In theater history, the names Alfred Lunt and Lynn Fontanne still register strongly -- the husband-and-wife team enjoyed enormous popularity on the American stage from the 1920s into the '50s. (Some of us, quite wickedly, get a very different image of Lunt and Fontanne, thanks to the duo of "Funt and Mundane" portrayed in terrific skits by Carol Burnett and Harvey Korman.)
One of the most durable vehicles the Lunts rode in their career was a comedy called "The Guardsman" that they first played on Broadway in 1924. The play, translated from the 1910 Hungarian original by Ferenc Molnar, was thereafter considered just a light drawing room comedy.
That reputation is being challenged in a new, handsome Kennedy Center production of "The Guardsman" featuring a fresh translation by Richard Nelson that seeks to honor the darker, weightier tone and content of the original. (The long-standard version removed "significant chunks" of the play and dumbed-down others, Nelson writes in a program note.)
At the heart of the plot is a scenario rather like the one that propels Mozart's "Cosi fan tutte" -- a man sets out to prove the faithfulness of his wife by trying to woo her in disguise. There is plenty of comic potential here, but, as Nelson's text makes plain and this production underlines, a bitter-sweetness dominates.
The central characters in question are idenitifed only as the Actor and the Actress, two celebrated performers in Budapest who recently married. The bloom in the marriage has wilted considerably, much to the husband's consternation. Still very much in love, he cannot fathom his wife's growing indifference.
Convinced he knows the type of lover she dreams of, the Actor creates that character, a dashing guardsman, and sets about pursuing the Actress. Things get farcical in due time, and in just the way you would expect -- the Actress, geared up for an assignation with her new solider friend, is surprised by the unexpected arrival of her husband instead.
The critical moment in "The Guardsman" is when the Actor reveals the disguise. Is the Actress surprised, or did she, as she maintains, really know all along? Is the marriage saved or merely shifted to a different plane?
The beauty and power of the play is that -- in another parallel with "Cosi fan tutte" (at least as widely interpreted by directors these days) -- there are no entirely clear answers. The only thing known for sure is that everyone is forever changed at the end, forever affected by the deception, by everything said and done, as well as everything left unsaid, undone.
Judging by the matinee I attended, the new production could use a dash more energy and electricity. Director Gregory Mosher keeps the pacing rather spacious in the first act, and never shifts into the highest gear thereafter, almost as if he were reluctant to let too much laughter obscure the deeper layers.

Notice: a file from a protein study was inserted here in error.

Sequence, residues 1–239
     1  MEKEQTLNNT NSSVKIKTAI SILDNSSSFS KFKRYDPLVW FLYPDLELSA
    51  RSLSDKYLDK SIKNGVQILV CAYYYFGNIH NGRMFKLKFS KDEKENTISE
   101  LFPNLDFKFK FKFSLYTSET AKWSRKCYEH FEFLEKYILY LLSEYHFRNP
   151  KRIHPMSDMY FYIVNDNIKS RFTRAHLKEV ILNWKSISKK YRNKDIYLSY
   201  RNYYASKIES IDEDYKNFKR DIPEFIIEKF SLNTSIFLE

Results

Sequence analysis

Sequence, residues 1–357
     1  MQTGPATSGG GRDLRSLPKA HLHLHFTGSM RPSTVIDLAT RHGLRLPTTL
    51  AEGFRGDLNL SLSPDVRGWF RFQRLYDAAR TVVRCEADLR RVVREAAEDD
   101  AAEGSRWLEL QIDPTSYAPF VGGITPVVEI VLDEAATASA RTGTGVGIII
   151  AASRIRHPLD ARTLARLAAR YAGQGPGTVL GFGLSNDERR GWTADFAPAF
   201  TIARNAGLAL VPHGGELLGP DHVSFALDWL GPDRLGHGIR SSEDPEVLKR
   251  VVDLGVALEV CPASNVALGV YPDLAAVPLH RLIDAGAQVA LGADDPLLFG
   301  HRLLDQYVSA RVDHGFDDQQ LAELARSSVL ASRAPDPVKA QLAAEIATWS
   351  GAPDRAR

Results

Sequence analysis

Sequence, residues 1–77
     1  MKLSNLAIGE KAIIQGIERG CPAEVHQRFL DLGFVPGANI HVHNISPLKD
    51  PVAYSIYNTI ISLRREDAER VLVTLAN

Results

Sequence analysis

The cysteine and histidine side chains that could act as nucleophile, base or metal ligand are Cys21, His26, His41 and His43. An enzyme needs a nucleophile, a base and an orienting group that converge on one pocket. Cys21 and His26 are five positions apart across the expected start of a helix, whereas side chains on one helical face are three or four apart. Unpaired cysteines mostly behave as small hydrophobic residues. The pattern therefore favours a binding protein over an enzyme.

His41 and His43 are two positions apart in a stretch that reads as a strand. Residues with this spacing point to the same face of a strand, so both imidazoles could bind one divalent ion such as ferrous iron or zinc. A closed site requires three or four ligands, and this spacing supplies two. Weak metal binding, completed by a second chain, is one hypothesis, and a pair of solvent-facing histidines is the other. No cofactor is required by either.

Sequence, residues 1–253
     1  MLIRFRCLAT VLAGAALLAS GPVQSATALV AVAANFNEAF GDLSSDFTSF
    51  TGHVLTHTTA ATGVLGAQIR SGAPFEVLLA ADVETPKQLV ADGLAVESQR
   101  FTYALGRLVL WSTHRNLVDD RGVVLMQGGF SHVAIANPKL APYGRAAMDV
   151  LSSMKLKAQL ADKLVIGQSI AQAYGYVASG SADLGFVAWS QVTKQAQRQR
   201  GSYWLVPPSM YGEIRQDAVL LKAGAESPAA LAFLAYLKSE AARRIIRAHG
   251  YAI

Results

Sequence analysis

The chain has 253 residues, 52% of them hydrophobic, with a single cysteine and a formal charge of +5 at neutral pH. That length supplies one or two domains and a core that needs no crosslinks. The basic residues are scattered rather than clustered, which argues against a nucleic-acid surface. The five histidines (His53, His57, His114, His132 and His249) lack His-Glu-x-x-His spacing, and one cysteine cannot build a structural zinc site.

Sarah Wayne Callies looks striking as the Actress and captures the colder side of the character deftly. She is not quite as convincing when it comes to illuminating the sexy, alluring qualities that would explain her husband's emotional state.
As the Actor, Finn Wittrock nicely exudes boyish charm and petulance, and gets into the disguise business with a kind of understated panache.
Shuler Hensley is polished, if somewhat colorless, as the Critic, friend to the couple and frustrated admirer of the Actress. Julie Halston is delightfully brash as Mother, the Actress' confidante. And John Ahlin livens things up as the persistent Creditor.
Whether this rejuvenated "Guardsman" will take its place in the active repertoire and, in the process, earn the playwright proper recognition for his original intentions, remains to be seen. But the effort is commendable and so, quibbles aside, is this staging, which has been exquisitely designed by John Lee Beatty (sets) and Jane Greenwood (costumes).
The first scene of the second act, set in a lavish box at an opera house, is alone worth the price of admission. The long, side view encompasses the box seats (Act 1 of "Madama Butterfly" is in progress and can be faintly heard -- I think it's the superb de los Angeles/Bjorling recording); a private suite where the Actress and her wooing Guardsman can try to be alone; and the hallway outside.
It's a sumptuous image, not to mention a compelling space where some of the play's most eventful action can unfold in colorful fashion.Copyright © 2014, The Baltimore Sun